http://www.homemediamagazine.com/hi...-sales-2016-nearly-2-million-discs-sold-39404
Blu-ray was competing with HD-DVD when it launched. Wonder what the total HD disc sales were?
 

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Really?

"Consumers snapped up an impressive 1.8 million UHD Blu-ray discs in the United States in 2016, along with 300,000 UHD Blu-ray players, according to data cited by the Blu-ray Disc Association. The disc-to-player attach rate was an impressive 6-to-1, noted the BDA, adding that sales have been three times as fast as the launch of Blu-ray."
http://www.homemediamagazine.com/hi...-sales-2016-nearly-2-million-discs-sold-39404
4% sold.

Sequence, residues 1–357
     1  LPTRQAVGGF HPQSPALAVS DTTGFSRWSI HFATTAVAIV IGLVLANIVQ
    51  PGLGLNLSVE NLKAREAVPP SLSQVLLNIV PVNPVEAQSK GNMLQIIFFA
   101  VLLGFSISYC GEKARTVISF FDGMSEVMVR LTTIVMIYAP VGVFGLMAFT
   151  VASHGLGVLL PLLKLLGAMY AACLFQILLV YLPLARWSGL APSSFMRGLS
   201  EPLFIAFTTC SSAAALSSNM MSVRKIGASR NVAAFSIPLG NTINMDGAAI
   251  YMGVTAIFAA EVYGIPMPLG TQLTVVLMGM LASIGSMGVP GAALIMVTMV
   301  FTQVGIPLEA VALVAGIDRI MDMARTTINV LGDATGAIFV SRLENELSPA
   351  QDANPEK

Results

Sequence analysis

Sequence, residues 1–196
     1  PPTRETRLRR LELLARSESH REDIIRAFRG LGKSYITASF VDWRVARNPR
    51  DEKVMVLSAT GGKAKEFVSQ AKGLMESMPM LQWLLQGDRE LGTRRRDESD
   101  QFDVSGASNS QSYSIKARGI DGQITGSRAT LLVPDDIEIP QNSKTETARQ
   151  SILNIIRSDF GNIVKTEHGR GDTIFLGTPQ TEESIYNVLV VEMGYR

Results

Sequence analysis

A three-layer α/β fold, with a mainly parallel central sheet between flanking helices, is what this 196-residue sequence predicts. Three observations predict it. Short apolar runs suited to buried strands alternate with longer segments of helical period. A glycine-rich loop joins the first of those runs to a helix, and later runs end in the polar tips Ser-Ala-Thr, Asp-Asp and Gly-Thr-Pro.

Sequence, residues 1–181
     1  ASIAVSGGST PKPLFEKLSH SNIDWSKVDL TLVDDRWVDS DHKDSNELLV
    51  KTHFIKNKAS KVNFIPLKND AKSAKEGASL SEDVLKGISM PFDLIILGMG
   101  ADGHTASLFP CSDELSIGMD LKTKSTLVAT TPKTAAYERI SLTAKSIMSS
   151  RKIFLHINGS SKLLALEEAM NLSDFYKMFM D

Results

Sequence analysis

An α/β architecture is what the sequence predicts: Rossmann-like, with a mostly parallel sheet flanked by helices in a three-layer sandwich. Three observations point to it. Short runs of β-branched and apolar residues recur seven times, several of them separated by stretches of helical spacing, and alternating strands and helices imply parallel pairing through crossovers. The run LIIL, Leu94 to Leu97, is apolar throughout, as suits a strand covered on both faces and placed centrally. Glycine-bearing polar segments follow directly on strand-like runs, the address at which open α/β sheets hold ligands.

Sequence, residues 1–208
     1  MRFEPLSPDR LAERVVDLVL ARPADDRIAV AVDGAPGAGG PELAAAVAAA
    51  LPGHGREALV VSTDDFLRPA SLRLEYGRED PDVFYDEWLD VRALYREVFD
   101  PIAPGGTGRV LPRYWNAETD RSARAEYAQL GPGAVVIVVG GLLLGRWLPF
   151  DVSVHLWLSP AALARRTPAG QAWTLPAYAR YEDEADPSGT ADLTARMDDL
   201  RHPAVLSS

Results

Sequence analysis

4% is pretty small margin.
 

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What's more telling is how UHD's launch compares to previous formats.

According to this, in 2007 (the first full year after Blu-ray launched) it sold 5.7 million units, HD DVD sold 3.2 million that same year. According to the article you linked, they're forecasting 8.4 million UHD Blu-ray's to be sold in 2017 (also the first full year after launch). So it's a bit less than the total of Blu-ray+HD DVD (8.9 million) but it's very close.

I'd hardly say that's "not so great" considering how successful Blu-ray has been, especially when you consider that streaming is a more viable competitor today than it was at Blu-ray's launch.